1973 – The Sydney Opera House opens – Deigned by Danish architect JornOberg Utzon, who was granted the contract as winner of an international design competition. The project began in 1957 and the workers were treated to performances from artists from around the world while construction was underway; Paul Robeson being the first “lunchtime” performer.  The Opera house was opened by Queen Elizabeth; Beethoven’s 9th was the first performance.

1973 – The Dalai Lama makes first visit to the United Kingdom

1981 – Two police officers and armored car guard are killed during an armed robbery in Rockland County NY.

1982 – 66 football fans are crushed to death during a match between Spartak Moscow and HFC Haarlem.

1983 – The Prime Minister of Grenada Maurice Bishop assassinated. http://news.bbc.co.uk/onthisday/hi/dates/stories/october/20/newsid_3720000/3720608.stm

1996 – The Black Revolutionary War Patriots Commemorative Silver Dollar was authorized by Public Law 104-329 to honor the Black Revolutionary War patriots and the 275th anniversary of the birth of the first Black Revolutionary war patriot, Crispus Attucks.

2000 – Ali Mohamed, an Egyptian born U.S. citizen who’d served in the Army plead guilty to helping plan the U.S. embassy bombings in Nairobi and Dar-e-salaam that killed

2011 – Libyan dictator Muammar Gaddafi in his hometown of Sirte and kill him shortly thereafter.  people.

Birthdays

1632 – Sir Christopher Wren, English architect, physicist and astronomer was born on this day in East Knoyle, Wiltshire, England. Wren designed 54 churches including London’s St. Paul’s Cathedral, and was charged with redesigning much of the city after the Great Fire of 1666.  The main building of the College of William and Mary is also attributed to Wren; and is the oldest academic building in continuous use in the United States.

1825 – Daniel Sickles, American politician, soldier, diplomat.  Sickles was no stranger to scandal; was acquitted of the murder of his wife’s lover Phillip Barton Key II, son of Francis Scott Key.  He was acquitted with the first use of temporary insanity as a legal defense in U.S. history.   Sickles became a General after the outbreak of the Civil War and  has become known to generations of Gettysburg enthusiasts as the “amateur” general who disobeyed General George Meade’s orders at Gettysburg and advanced to the Peach Orchard instead of occupying Little Round Top.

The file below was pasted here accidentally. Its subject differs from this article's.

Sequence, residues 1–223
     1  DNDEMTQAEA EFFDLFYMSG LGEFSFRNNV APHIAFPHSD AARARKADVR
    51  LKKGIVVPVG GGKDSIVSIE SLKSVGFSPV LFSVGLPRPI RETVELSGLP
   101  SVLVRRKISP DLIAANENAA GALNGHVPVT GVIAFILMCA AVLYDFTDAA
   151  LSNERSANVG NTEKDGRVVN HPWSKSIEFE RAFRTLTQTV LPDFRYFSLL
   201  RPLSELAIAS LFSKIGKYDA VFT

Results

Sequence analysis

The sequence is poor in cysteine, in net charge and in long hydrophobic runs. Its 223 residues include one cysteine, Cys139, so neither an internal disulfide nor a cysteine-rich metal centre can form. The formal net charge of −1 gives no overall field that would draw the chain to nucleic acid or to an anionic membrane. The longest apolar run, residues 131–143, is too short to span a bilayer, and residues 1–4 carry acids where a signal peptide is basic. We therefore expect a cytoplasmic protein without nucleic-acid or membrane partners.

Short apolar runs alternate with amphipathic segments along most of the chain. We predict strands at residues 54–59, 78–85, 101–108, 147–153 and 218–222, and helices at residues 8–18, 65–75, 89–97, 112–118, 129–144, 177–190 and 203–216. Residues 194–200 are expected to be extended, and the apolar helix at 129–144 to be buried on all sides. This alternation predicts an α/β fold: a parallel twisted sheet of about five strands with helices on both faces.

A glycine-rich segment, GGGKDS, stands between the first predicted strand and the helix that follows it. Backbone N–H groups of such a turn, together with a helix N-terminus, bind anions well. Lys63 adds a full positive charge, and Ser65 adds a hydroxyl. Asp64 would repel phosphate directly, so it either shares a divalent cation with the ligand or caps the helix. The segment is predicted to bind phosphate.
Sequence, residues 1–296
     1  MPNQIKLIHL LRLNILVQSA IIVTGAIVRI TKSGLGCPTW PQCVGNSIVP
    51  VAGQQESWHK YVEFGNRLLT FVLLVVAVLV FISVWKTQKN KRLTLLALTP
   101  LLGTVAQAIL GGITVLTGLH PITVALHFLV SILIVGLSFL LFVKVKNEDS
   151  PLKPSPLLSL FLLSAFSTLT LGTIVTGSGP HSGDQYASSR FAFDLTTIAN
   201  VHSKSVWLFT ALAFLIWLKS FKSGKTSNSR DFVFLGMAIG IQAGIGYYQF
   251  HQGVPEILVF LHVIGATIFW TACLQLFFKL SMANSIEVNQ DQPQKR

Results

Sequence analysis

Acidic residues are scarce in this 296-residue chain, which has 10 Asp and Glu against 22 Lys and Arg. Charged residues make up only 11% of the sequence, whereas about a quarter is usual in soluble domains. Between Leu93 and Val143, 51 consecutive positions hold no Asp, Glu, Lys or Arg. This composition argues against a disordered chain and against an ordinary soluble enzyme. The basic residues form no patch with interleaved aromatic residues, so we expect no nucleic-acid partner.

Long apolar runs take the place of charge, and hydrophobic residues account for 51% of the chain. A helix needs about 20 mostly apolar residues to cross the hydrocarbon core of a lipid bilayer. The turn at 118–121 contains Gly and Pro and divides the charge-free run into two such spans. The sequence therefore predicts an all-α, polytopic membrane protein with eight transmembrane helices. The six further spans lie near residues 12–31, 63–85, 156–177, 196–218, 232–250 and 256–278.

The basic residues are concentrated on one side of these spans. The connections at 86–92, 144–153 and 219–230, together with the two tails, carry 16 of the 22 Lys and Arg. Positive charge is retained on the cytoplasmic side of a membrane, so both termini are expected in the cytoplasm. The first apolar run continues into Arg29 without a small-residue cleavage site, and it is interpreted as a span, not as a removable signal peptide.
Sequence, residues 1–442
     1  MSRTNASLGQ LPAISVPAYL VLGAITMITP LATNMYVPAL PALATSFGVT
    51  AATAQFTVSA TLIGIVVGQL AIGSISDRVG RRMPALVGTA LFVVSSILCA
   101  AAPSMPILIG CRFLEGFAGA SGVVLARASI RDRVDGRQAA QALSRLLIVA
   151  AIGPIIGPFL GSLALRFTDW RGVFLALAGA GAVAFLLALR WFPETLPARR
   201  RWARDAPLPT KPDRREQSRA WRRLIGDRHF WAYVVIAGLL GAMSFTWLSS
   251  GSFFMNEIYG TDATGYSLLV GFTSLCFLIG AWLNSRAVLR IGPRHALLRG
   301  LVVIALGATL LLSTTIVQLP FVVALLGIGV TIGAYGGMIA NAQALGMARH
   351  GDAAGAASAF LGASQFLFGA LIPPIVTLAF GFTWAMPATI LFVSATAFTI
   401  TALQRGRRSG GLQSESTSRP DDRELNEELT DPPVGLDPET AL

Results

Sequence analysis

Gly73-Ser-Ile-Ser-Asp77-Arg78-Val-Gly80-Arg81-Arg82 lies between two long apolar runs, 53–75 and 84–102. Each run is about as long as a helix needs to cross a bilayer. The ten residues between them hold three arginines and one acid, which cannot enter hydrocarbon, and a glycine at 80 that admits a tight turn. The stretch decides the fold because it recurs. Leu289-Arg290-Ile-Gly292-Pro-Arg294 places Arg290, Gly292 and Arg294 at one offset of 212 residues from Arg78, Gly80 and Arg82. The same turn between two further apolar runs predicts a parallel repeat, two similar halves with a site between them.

1849 – William Washington Browne, educator, minister, and businessman was born enslaved in Habersham County, Georgia.  Ran away and joined the Union Army at the age of 15.  He became a Methodist minister in 1876 and was founder of The Order of True Reformers, an organization of AA organized in the southern states after the Civil War.  The Order was formed to set up business and social avenues for African Americans to participate and benefit from.

1854 – Arthur Rimbaud, French poet

1871 – Paul Valery, born in France, philosopher, writer, poet, elected toAcademie francaise, 1925, founder, the College International de Cannes, 1931

1889 – Johann Gruber, Roman Catholic priest known as the “Saint of Gusen,” murdered at Mauthausen-Gusen Concentration Camp (d.1944).  Gruber helped many others survive by raising funds from outside the camp and bribing the SS men and kapos in order to organize the delivery of food of starving inmates. He was tortured for 3 days by the commander of Gusen camp.http://www.nizkor.org/hweb/camps/gusen/pers/gruber1x.htm

1893 – Jomo Kenyatta, the first Prime Minister and President of the Republic of Kneya was born in the village of Ngende, in British East Africa (now Kenya).http://en.wikipedia.org/wiki/Jomo_Kenyatta

1904 – Enolia Pettigen McMillan. the first female national president of the NAACP was born on this day in Willow Grove, Pennsylvania.  Pettigen earned her BA in Art from Howard University ;and went on to teach in Maryland. She was president of the Maryland State Colored Teachers Association and is credited to bringing better books to black students and better wages for black teachers.  After teaching she served as president o the Baltimore NAACP and was elected President of the national organization where she served from 1984-1990.

1925 – Art Buchwald, born in New York City, wrote political satire and commentary, had column in The Washington Post

1931 – Mickey Mantel, American professional baseball player, born on this day in Spavinaw, Oklahoma. http://www.mickeymantle.com/bio.htm

1940 – American poet and critic

1946 – Lewis Grizzard, American columnist

1964 – Kamala Devi Harris, the first woman and the first African American Attorney General of California was born on this day in Oakland, CA.

Death

1139 – Henry X, Duke of Bavaria,b.1108

1740 – Charles VI, Holy Roman Emperor

1842 – Grace Darling, English heroine and daughter of a lighthouse.  Darling isfamous for participating in the rescue of survivors from the shipwrecked Forfarshire in 1838.

1926 – Eugene V. Debs, American union leader and politician, one of the founding members of the Industrial Workers of the World, and five times the candidate of the Socialist Party of America for President of the United States.  http://debsfoundation.org/personalhistory.html

1935 – Arthur Henderson Scottish-English politician Secretary of State for Foreign and Commonwealth Affairs, Nobel Prize laureate

1936 – Anne Sullivan, American educator

1950 – Henry L. Stimson, American Colonel, lawyer and politician, 46th United States Secretary of State

 

Written by Marc Steiner

Marc Steiner

The Marc Steiner Show airs Monday thru Friday from 10AM to Noon on WEAA 88.9 FM. The show covers the topics that matter, engaging real voices, from Charm City to Cairo and beyond. Call us at 410.319.8888 or email us to participate live in the show, or share your comments on our site! Aren’t in Baltimore but want to listen? Stream the show live.